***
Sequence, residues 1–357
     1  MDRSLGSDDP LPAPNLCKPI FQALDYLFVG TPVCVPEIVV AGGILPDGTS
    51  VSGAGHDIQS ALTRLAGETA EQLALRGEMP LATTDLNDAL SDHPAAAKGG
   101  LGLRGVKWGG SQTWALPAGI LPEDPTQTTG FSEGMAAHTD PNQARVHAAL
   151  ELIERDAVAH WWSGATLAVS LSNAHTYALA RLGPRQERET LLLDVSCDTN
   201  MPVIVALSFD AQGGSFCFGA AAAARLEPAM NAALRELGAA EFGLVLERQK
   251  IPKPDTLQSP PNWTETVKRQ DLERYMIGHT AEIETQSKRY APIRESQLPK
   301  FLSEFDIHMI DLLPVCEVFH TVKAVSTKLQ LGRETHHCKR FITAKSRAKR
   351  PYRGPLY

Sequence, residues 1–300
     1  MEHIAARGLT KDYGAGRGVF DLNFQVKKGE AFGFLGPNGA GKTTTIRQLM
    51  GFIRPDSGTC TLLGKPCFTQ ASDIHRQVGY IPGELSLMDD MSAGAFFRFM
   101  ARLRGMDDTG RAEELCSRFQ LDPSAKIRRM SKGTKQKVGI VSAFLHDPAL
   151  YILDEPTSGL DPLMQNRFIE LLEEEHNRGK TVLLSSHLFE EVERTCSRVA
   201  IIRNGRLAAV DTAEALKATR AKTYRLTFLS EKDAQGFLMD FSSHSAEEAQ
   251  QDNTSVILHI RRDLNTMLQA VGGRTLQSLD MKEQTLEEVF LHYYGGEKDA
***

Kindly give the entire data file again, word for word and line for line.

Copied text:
Sequence, residues 1–357
     1  MDRSLGSDDP LPAPNLCKPI FQALDYLFVG TPVCVPEIVV AGGILPDGTS
    51  VSGAGHDIQS ALTRLAGETA EQLALRGEMP LATTDLNDAL SDHPAAAKGG
   101  LGLRGVKWGG SQTWALPAGI LPEDPTQTTG FSEGMAAHTD PNQARVHAAL
   151  ELIERDAVAH WWSGATLAVS LSNAHTYALA RLGPRQERET LLLDVSCDTN
   201  MPVIVALSFD AQGGSFCFGA AAAARLEPAM NAALRELGAA EFGLVLERQK
   251  IPKPDTLQSP PNWTETVKRQ DLERYMIGHT AEIETQSKRY APIRESQLPK
   301  FLSEFDIHMI DLLPVCEVFH TVKAVSTKLQ LGRETHHCKR FITAKSRAKR
   351  PYRGPLY

Sequence, residues 1–300
     1  MEHIAARGLT KDYGAGRGVF DLNFQVKKGE AFGFLGPNGA GKTTTIRQLM
    51  GFIRPDSGTC TLLGKPCFTQ ASDIHRQVGY IPGELSLMDD MSAGAFFRFM
   101  ARLRGMDDTG RAEELCSRFQ LDPSAKIRRM SKGTKQKVGI VSAFLHDPAL
   151  YILDEPTSGL DPLMQNRFIE LLEEEHNRGK TVLLSSHLFE EVERTCSRVA
   201  IIRNGRLAAV DTAEALKATR AKTYRLTFLS EKDAQGFLMD FSSHSAEEAQ
   251  QDNTSVILHI RRDLNTMLQA VGGRTLQSLD MKEQTLEEVF LHYYGGEKDA